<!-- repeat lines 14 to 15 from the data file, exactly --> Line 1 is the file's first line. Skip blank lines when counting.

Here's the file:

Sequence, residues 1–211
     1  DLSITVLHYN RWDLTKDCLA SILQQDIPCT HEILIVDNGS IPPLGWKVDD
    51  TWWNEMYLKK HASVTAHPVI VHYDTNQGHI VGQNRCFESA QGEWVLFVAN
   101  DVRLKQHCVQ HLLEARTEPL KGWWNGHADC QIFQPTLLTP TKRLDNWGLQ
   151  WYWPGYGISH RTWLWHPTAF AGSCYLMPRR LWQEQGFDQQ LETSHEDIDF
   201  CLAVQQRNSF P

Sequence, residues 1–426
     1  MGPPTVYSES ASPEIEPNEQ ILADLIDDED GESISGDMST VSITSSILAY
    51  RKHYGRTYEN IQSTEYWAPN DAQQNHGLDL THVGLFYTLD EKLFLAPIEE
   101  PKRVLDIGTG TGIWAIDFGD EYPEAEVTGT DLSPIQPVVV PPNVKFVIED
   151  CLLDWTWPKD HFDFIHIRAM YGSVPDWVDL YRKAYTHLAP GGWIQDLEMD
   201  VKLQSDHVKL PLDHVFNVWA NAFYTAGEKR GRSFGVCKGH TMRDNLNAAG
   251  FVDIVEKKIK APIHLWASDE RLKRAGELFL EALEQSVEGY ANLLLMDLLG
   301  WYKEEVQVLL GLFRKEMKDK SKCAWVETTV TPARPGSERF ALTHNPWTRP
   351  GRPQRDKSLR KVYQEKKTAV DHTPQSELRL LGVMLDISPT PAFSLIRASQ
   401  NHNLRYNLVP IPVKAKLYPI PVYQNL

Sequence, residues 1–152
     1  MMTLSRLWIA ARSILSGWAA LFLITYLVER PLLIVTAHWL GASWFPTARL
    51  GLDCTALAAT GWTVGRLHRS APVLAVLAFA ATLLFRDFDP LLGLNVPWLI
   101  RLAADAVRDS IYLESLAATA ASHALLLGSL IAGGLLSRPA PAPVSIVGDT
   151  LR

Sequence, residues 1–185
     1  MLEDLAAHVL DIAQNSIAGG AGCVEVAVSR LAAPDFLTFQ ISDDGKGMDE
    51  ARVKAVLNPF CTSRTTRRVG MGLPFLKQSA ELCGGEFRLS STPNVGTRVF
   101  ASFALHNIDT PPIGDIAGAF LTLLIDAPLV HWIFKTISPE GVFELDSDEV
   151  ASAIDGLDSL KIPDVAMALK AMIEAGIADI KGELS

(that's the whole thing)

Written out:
   301  WYKEEVQVLL GLFRKEMKDK SKCAWVETTV TPARPGSERF ALTHNPWTRP
   351  GRPQRDKSLR KVYQEKKTAV DHTPQSELRL LGVMLDISPT PAFSLIRASQ